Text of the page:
If these last verses don’t tell us the story of humanity I don’t know what words do. God is merciful and waits with outstretched arms to receive us back and revive us. We come back, for a little while, and then revert right back to our old ways. And that’s so sad. God “was moved to pity by their groaning” (2:18). “Pity” (Hebrew nawkham) is a sigh, a sad sorry sigh. God’s people, because of their stiff necked and repeated rebellion and return to evil were reduced to groans under the weight of sin. Sin may have pleasure for a season (Hebrews 11:25), but any such pleasure passes and there is hell to pay and pain to experience. This gives God no enjoyment. It grieves Him deeply. He loves us. Like a parent of a prodigal He waits in hope for the return of the one who walks away into prodigal living (e.g. Luke 15).

20 Then the anger of the Lord was hot against Israel; and He said, “Because this nation has transgressed My covenant which I commanded their fathers, and has not heeded My voice, 21 I also will no longer drive out before them any of the nations which Joshua left when he died, 22 so that through them I may test Israel, whether they will keep the ways of the Lord, to walk in them as their fathers kept them, or not.” 23 Therefore the Lord left those nations, without driving them out immediately; nor did He deliver them into the hand of Joshua.

God knows the deceitful and depraved nature of our heat (Jeremiah 17:9-10). He knows that tough love is sometimes the only course of redemption. It angers the LORD to see the objects of His affection willfully choose to walk in evil and sin. So God leaves things in our life to test us, prove us, and prove the genuineness of our faith (1 Peter 1:6-9). He will test us to bring us out to rich fulfillment (Psalm 66). It’s a hard life to live and a hard row to hoe when we leave the safety of the Lord and venture out on our own past the parameters of His word. That is our inclination. And the only way to change such a destination is repentance and revival. That is what we’ll see in the book of Judges.


Tuesday, October 8, 2013

Restoration and Personal Revival

Have mercy upon me, O God, according to Your lovingkindness; according to the multitude of Your tender mercies; blot out my transgressions” – Psalm 51:1

David was a man after God’s own heart. He was the sweet psalmist of Israel; one who the Spirit revealed incredible truths through in the Psalms. He was an anointed King: one who God defended and led; a victorious warrior for the LORD. But a day came when David slacked off. He didn’t go out to war like he usually would. This led to finding himself in a place he shouldn’t have been where he was exposed to something he should not have seen. It led to a sin that opened the door to some of the darkest days in David’s life (2 Samuel 11 and 12).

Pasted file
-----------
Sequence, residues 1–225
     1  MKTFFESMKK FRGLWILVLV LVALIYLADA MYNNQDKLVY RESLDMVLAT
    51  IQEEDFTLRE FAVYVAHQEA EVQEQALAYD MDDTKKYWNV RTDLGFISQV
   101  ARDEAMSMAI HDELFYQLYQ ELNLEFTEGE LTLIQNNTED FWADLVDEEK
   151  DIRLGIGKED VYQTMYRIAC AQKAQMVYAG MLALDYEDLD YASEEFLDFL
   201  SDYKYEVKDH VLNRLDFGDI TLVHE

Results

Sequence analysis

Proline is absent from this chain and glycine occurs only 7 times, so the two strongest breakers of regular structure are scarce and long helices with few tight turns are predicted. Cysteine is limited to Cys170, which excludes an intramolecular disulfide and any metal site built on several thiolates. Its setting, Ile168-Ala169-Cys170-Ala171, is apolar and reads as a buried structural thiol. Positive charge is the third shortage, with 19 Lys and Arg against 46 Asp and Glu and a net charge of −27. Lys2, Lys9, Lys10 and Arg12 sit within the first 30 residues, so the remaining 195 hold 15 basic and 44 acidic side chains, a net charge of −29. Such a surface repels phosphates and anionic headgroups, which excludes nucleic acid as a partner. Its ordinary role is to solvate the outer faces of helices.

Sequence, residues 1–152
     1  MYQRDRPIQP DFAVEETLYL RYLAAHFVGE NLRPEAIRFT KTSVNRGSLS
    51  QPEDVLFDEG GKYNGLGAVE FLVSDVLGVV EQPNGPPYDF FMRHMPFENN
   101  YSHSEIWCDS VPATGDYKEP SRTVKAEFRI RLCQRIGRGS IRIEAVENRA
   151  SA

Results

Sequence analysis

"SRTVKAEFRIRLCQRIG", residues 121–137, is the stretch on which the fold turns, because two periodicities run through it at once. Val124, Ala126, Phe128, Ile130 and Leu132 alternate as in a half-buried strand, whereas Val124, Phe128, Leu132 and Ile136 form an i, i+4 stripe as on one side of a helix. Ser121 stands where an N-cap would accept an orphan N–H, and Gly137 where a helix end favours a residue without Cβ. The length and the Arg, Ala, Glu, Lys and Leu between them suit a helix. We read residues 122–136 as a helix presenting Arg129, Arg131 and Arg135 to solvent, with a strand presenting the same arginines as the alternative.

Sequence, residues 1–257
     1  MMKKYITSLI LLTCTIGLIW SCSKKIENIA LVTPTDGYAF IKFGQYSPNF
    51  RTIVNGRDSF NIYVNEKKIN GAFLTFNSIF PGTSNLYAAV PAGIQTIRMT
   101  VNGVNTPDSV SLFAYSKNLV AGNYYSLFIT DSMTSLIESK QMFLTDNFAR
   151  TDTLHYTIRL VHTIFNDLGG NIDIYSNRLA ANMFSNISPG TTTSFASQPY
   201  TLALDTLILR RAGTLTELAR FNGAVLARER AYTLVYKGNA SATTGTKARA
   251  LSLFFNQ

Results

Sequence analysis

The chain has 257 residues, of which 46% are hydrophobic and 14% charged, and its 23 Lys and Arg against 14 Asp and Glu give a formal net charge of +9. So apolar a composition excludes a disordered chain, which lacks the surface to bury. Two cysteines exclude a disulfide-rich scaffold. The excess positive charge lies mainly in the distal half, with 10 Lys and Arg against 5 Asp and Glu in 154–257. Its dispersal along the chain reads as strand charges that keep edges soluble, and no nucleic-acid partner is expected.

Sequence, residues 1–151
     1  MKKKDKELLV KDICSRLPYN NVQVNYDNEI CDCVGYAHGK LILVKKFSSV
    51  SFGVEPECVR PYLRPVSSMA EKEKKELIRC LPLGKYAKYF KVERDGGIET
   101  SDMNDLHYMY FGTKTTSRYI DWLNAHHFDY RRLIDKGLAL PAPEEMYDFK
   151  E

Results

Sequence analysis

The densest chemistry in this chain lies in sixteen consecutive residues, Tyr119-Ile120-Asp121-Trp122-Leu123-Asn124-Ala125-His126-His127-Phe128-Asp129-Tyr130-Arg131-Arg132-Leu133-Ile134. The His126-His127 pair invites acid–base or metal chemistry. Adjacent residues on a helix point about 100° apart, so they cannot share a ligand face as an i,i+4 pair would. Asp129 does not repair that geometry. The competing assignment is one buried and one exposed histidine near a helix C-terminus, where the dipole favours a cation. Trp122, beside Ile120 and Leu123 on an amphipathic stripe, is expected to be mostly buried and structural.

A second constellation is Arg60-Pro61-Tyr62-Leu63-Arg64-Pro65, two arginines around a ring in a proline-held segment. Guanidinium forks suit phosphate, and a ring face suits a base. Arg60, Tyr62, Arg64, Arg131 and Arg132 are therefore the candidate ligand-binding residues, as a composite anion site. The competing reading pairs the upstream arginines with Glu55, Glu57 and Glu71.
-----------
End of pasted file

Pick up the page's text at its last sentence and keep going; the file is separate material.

David, choosing to remain in his palace instead of going out to battle as was the normal practice of the day, wandered out to his rooftop where he happened to look down and see a beautiful woman bathing. Lust took hold of him. He inquired as to who she was. He was told she was Bathsheba, the wife of Uriah. the Hittite. Uriah was a loyal soldier in David's army. It didn’t matter to David. He had Bathsheba brought to him and he slept with her. She became pregnant. His secret liaison, if it became public, would disgrace him. He began attempts to cover his sin.

When David sinned with Bathsheba his life became a living hell. He had committed adultery. He had impregnated another man’s wife. He risked disgracing his office of king if word ever got out about what he had done. He knew he was wrong. He tried to cover his sin by calling her husband Uriah back home from the front lines of war. He hoped that Uriah would sleep with his wife and no one would know that David was the father of the child. Uriah was too much a man of integrity for that. Therefore, in a carnal act to preserve his reputation David orchestrated the premeditated murder of Bathsheba’s husband Uriah. Then he presented himself as a shoulder for Bathsheba to mourn on. Eventually, with Uriah out of the way, He took Bathsheba to be his wife giving the impression of being a compassionate king. Sin begets more sin. Horrible.

A year went by and while David had duped the world around him, he hadn’t duped God. The guilt of what he had done weighed heavy on him. Finally, after waiting a year for David to come clean it was time for God to act. God revealed the truth to Nathan the prophet who then confronted David. I wonder if it was almost a relief to David at that point. As soon as Nathan confronted David, David repented. And what he was inspired to write in response to his situation is found in Psalm 51. This Psalm is the perfect word on being restored when we have grieved the Holy Spirit of God.